Subpar Results From Spain’s Investment Funds


Putting your money in the hands of an investment fund manager, you might expect a higher return than what you could get on your own. And in exchange, you probably pay a commission — which might amount to more than 2 percent of your investment per year.

However, according to research led by Professor Pablo Fernández on the profitability of investment funds in Spain from 2001 to 2016, very few fund managers earn or deserve the commissions they charge for their expertise.

Subpar Returns

Between 2001 and 2016, the average return for the Spanish investment funds studied was just 2.32 percent. That’s considerably lower than the returns for 15 year Spanish government bonds (5.27 percent) and the benchmark index for Spanish stocks, the IBEX 35 (5.24 percent).

In fact, of the 632 investment funds tracked from 2001 to 2016, only 29 outperformed government bonds and the IBEX 35 over the same period. And, more alarmingly, 28 of the funds lost value.

Of the group, the most profitable fund brought a total return of 491 percent to investors over 15 years (i.e., an average annual return of 12.6 percent). The least profitable lost 61 percent of its value over the same period (losing an average of 6.1 percent each year). This means that one euro invested in 2001 in the best performing fund became 5.91 euros in 2016, whereas one euro invested in the worst was reduced to just 39 cents.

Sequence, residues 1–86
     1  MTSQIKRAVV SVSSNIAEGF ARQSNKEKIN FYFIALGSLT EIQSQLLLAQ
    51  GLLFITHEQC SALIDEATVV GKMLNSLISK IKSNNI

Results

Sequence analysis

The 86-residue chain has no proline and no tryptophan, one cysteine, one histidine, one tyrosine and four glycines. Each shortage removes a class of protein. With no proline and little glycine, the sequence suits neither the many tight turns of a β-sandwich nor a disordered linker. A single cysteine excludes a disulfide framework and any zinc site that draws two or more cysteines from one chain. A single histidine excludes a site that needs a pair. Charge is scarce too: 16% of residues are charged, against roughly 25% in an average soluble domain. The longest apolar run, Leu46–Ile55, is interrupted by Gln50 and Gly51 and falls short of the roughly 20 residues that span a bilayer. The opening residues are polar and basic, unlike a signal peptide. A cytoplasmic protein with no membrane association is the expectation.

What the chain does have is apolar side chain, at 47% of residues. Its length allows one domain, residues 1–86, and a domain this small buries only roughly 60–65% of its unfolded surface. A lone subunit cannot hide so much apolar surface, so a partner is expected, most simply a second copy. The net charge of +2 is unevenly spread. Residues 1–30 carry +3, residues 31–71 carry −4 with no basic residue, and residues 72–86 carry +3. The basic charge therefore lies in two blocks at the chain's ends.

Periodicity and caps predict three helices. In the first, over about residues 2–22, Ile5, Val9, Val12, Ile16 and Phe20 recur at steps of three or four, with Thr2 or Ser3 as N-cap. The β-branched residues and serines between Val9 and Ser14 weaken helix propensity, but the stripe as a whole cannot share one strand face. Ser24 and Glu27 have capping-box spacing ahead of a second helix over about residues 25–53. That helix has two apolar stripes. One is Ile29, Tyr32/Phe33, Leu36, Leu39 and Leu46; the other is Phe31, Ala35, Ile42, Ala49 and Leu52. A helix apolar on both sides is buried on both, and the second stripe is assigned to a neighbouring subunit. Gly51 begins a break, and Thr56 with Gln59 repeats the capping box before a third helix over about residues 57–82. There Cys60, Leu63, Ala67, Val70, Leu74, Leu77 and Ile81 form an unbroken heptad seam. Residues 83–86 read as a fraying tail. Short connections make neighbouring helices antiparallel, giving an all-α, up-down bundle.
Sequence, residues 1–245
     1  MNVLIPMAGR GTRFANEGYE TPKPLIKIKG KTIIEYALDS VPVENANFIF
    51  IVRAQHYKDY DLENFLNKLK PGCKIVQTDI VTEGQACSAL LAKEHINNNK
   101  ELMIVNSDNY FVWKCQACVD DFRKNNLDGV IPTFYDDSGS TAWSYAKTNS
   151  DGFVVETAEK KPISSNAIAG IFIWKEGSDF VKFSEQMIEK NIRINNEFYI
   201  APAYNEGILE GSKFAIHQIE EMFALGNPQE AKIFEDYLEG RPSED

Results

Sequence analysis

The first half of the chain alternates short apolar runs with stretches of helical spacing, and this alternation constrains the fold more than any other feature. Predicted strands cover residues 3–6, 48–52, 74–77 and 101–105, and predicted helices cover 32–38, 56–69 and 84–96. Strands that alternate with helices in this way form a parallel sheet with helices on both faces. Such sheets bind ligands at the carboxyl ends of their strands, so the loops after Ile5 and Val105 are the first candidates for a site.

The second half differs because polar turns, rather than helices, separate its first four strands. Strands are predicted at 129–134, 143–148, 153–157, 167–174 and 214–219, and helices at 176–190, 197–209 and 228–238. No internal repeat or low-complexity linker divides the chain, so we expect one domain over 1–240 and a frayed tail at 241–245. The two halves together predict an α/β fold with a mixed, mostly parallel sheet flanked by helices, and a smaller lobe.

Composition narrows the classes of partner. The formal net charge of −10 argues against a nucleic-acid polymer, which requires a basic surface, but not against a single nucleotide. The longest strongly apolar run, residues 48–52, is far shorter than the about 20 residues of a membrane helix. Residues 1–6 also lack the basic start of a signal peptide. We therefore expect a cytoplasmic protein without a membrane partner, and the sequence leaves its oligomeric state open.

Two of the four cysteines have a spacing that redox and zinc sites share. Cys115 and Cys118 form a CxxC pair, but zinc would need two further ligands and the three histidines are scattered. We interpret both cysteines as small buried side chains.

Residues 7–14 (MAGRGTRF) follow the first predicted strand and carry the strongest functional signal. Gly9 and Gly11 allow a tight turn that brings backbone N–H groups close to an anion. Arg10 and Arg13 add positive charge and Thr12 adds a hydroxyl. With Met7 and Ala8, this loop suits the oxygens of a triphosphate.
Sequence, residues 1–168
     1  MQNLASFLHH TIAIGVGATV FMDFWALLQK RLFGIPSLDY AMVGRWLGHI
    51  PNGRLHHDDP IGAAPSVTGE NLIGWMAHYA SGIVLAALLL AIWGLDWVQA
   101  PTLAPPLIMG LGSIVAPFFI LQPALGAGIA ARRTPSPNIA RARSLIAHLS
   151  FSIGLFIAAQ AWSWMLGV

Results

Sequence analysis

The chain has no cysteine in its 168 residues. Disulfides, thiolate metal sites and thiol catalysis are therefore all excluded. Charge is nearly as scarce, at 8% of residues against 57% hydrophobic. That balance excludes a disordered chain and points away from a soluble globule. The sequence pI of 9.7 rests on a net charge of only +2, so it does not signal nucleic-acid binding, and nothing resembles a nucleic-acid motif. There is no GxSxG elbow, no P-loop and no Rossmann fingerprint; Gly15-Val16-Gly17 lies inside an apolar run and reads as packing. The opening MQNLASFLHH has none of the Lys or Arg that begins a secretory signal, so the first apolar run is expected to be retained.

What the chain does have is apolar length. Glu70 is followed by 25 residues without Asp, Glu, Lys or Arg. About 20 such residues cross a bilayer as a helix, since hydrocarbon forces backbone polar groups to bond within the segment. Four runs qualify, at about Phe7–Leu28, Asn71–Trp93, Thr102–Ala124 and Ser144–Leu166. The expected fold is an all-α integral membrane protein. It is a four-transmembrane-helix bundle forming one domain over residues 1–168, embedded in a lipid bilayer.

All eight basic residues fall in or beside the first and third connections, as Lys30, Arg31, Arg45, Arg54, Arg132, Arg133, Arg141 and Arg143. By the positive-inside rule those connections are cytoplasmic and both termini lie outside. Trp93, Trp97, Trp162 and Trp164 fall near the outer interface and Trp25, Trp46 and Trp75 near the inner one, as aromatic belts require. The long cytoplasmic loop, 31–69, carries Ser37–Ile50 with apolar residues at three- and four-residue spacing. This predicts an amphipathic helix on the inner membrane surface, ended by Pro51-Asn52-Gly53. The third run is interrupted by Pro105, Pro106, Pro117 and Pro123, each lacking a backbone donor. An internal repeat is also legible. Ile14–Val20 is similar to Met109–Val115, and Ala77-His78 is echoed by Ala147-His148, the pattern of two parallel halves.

The Most and the Least Profitable Investment Funds, 2001-2016        Source: INVERCO
The Most and the Least Profitable Investment Funds, 2001-2016.

As an experiment, a member of the research team asked 248 students, aged 6-17, to pick their own investments. The result? The students won! They had higher average returns than investment funds over the period tracked (2002 to 2012), albeit with a wider range. In fact, 72 students outperformed even the best-performing fund, while only 17 fell below the worst-performer.

Are Tax Incentives Justified?

Consider it no surprise that Fernández et al. question the tax incentives meant to encourage investments in Spain’s professionally managed funds. (They make a similar argument in their report on Spanish pension funds’ performances.)

They conclude that “the government should not encourage investment in investment funds.” It is also unfair, they say, that an individual investor not only pays more in taxes for market transactions, but also has to pay those taxes sooner.

If they circumvent fund managers, individual investors save on the explicit commissions — and nearly all of the hidden ones, they contend. However, individual investors incur additional costs for holding and for trading securities and, consequently, end up paying higher taxes.

How investment funds are doing and what the alternatives are is a significant issue in Spain. As of December 31, 2016, 7.39 million participants held 211.4 billion euros in 2,179 Spanish investment funds.

Methodology, Very Briefly

The research analyzes the average annual profitability of 2,179 investment funds between December 2001 and December 2016 based on data from INVERCO, a Spanish association representing investment and pension funds.

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